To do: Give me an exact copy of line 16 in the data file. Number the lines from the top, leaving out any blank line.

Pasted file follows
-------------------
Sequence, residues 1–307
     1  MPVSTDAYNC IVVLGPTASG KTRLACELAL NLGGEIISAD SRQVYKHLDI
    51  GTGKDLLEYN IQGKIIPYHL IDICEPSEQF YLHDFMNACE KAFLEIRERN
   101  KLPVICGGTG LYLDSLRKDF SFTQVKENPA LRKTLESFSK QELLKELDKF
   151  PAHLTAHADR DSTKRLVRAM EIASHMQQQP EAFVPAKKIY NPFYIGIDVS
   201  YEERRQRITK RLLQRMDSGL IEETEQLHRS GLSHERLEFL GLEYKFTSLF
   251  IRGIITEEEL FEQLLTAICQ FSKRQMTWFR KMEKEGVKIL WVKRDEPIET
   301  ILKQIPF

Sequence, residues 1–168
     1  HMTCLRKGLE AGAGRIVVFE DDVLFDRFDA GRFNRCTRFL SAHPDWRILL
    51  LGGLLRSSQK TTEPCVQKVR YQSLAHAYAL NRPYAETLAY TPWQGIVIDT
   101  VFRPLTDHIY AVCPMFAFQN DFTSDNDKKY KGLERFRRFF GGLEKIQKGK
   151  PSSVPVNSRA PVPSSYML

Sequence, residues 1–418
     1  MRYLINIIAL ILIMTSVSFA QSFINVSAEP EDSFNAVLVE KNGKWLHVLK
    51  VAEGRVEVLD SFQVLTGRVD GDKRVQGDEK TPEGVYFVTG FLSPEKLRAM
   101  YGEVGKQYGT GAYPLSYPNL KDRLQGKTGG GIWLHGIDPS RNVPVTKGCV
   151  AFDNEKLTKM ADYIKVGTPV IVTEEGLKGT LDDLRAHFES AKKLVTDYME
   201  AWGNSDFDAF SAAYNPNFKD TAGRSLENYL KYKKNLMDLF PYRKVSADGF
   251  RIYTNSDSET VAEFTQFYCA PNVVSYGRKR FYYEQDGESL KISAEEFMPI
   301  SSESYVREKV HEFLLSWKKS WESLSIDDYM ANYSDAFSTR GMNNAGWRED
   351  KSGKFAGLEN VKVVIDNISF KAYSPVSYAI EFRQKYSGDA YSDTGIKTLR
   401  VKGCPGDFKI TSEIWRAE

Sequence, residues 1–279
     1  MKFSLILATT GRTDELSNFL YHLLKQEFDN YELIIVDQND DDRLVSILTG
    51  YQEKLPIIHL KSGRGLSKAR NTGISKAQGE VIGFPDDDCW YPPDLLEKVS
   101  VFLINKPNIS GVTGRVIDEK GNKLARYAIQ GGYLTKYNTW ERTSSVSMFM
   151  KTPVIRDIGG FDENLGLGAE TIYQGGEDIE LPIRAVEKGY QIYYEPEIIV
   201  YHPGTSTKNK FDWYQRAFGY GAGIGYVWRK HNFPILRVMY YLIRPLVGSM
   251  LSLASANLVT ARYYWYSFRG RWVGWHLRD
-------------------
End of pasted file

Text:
    51  VAEGRVEVLD SFQVLTGRVD GDKRVQGDEK TPEGVYFVTG FLSPEKLRAM